Why Your Craft Business Needs a Niche Part 1

Finding Your Niche- Everybody Needs Them

One of the very first things that all business owners should do is define WHO their business is serving. This is typically called “finding your niche.” We will use “niche” and “target audience” interchangeably through the rest of this post. Despite having a silly sounding name, a niche is pivotal and can make or break your business but a lot of people gloss over this part.

I explain why this is a BIG mistake here-

Let me explain further… with some fishing metaphors.

Let’s say that you are the fisherwoman (or man) in our metaphor.
The marketplace (where transactions happen) is the water.
All the customers in the world are all the fish in the water.
Your product (or service) is your bait.
The niche would be the location of your boat.
The fishing rod would be your marketing and copy.

Without losing ourselves in this metaphor, let’s get to the point.

You should not go after deep-water fish near the shore. You may catch some fish, but not the ones you’re truly after.

This is why it’s important to thoroughly study your niche and your ideal customer.

Niches are all about compatibility and connection. It’s about finding your little pocket of raving fans in the entirety of the marketplace.

You don’t need to cast a wide net

In fact, I think that casting a wide net in this day and age is a sure way to blend into the the background. There is so much noise that we as consumers (and producers) have to sift through. Where there is differentiation, there is the potential for connection. What I mean by that is that you’re more likely to connect with the right people by sticking out. This is the whole message behind the marketing brilliance of Apple, Inc. Their motto “Think Different” has enabled them to connect with the misfits, the outcasts and the square pegs of the world. This is what has propelled them into their current popularity. If they had positioned themselves the same way as Microsoft in the 90’s and 00’s, I would probably not be typing on a Macbook Pro right now.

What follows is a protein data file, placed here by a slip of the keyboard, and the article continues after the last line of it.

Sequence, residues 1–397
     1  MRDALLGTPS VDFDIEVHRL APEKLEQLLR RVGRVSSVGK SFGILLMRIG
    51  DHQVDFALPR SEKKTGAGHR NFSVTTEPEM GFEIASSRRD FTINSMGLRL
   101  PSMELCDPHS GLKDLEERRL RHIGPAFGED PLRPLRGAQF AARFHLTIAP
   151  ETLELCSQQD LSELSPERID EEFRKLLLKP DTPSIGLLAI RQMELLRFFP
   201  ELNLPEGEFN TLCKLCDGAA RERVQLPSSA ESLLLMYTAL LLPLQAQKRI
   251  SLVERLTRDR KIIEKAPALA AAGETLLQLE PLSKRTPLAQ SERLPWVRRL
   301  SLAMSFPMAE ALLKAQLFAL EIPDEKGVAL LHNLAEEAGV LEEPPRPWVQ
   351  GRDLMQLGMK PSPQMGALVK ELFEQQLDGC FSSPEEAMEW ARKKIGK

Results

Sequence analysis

Your niche defines your communication

Your niche is made up of all your ideal customers. Having a strong understanding of your niche will greatly influence the language you use, the imagery you employ and your actual product offerings.

We all know this at a subconscious level. It’s what makes us prepare for first impressions and what helps us win people over with our words. You wouldn’t speak to your grandmother the same way you speak to your employees. We know to consider the person on the receiving end of our text messages but forget that our customers are actually people too. Knowing who your ideal customer is will help you communicate in a way that creates true connection with your buyers.

Your niche defines your products

Let’s say your skill is knitting. Knowing your ideal customer and what they like will save you a lot of time, sweat and yarn.

When you’re first getting started, you may feel like you should make the items that appear to be best sellers for other knitters.

Statistically, there’s a chance this could work for a while. If there’s a trend around that, you might catch it and there’s nothing wrong with that. But catching that wave is more about being in the right place at the right time and it’s a really risky way to manage your business over the long term.

However, finding your niche is the best way to run the race of business. It may have a slower start, while you’re figuring things out, but those customers will be repeat customers and even super-fans that refer others to you. Think of all the marketing funds you’ll save if your customers refer you via word of mouth. Think of all the time you’ll save by NOT making things that your customers don’t want to buy.

Having a good connection with your customers allows you to test the waters with new ideas before developing and making an entire product line. I do this all the time. I will post about an idea that I have and ask for feedback on it. My customers will either rave or give me some new things to think about.